Let's say you have a large reference, maybe 2000 bp. And you have a sequence, which is about 100 bp. Let's say that the reference contains the ...
compare the amino acid sequence of protein 1 with nine homologous proteins and make a multi-alignment of the sequences.
EBI have a portal for many MSA tools and there are also other MSA tools available elsewhere.
In research, it's good practice to use several alignment techniques and look at which generates sensible indels. Usually, this is ...
Initially, there were several quality encodings that used to follow different ranges of ASCII characters to denote the quality of read. The range that you mention is a union of all those encoding formats. Nowadays, the most common encoding is Phred+33 (used by Illumina, Sanger, Ion Torrent and other popular sequencers) which uses these characters:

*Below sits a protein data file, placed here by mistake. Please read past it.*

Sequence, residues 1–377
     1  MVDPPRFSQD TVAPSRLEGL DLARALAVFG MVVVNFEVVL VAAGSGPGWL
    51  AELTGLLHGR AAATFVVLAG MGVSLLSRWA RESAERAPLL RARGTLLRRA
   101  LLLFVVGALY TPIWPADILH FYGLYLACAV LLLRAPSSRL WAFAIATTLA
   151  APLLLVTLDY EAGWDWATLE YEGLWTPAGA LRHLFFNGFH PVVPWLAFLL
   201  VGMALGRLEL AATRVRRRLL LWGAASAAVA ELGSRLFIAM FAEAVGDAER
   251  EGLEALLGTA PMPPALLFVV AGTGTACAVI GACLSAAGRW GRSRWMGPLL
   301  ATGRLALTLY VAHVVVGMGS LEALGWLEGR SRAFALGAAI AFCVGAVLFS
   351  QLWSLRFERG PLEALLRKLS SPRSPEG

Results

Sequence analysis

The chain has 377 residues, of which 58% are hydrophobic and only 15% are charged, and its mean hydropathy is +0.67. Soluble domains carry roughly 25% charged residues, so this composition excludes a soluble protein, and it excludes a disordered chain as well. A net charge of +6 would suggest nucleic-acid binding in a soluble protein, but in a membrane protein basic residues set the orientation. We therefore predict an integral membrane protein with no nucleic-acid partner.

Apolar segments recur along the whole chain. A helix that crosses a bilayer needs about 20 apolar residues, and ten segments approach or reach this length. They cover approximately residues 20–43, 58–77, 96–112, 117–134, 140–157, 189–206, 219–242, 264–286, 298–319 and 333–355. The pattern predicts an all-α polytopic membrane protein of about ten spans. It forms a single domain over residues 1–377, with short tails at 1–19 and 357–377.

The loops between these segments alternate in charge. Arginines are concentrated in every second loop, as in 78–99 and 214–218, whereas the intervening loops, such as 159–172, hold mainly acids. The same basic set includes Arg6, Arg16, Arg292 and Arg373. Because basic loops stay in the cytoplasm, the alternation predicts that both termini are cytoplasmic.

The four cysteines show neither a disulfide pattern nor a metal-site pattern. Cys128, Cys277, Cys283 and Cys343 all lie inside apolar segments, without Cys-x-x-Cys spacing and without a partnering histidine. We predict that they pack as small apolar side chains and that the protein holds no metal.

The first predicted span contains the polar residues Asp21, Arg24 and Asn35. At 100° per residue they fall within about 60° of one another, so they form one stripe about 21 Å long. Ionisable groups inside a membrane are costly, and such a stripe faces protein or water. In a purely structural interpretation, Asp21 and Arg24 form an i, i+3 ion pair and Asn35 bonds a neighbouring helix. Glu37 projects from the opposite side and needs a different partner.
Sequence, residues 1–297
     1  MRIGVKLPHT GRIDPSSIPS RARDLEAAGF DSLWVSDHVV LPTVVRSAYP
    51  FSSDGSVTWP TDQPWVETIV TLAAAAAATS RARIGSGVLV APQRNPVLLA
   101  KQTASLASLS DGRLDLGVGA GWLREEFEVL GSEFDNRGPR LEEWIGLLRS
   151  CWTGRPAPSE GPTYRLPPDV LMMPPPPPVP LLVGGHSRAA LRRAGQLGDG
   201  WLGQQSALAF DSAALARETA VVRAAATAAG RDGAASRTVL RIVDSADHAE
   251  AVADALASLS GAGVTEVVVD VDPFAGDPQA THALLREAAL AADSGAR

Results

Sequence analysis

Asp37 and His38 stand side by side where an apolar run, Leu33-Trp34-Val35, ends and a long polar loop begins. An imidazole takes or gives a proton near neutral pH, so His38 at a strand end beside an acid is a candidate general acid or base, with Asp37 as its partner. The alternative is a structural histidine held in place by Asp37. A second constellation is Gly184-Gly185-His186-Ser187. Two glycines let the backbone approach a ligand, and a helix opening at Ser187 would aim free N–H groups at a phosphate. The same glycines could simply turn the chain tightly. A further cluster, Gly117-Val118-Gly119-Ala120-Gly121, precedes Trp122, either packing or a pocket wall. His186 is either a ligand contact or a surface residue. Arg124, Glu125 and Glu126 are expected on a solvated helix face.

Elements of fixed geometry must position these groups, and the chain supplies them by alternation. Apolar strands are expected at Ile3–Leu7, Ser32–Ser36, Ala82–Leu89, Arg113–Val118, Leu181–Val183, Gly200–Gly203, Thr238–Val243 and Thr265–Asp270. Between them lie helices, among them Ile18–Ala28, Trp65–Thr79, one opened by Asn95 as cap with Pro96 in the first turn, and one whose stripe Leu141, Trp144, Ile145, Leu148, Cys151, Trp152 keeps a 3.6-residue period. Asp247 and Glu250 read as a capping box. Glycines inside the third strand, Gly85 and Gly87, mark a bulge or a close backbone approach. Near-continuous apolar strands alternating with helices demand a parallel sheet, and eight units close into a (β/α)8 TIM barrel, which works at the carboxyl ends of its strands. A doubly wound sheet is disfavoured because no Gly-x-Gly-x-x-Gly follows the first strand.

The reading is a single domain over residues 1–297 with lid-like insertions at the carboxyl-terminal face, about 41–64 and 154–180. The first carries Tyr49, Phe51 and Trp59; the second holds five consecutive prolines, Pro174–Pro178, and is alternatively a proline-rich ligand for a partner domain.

By now I got some interesting answers in this question on Biostars
Basically what I did is the following:
First of all, I checked if Sequence Id contains paired end notation. As described in this wikipedia page, for Illumina reads there are two possible notation for single/paired end reads:
If the last number is /2 in ...
Do you know about BioPython?
Here, on another website, someone already asked this question and a pretty nice answer was provided by Brad Chapman. He gives already written functions to perform this kind of analysis (I personally haven't tried the codes).
In Perl there is Bio::Align::DNAStatistics. You might adapt it to Python.
This might be useful as well.
It seems that no good map of this plasmid is around. Life technology uses it in some of its bacterial strains, the quote: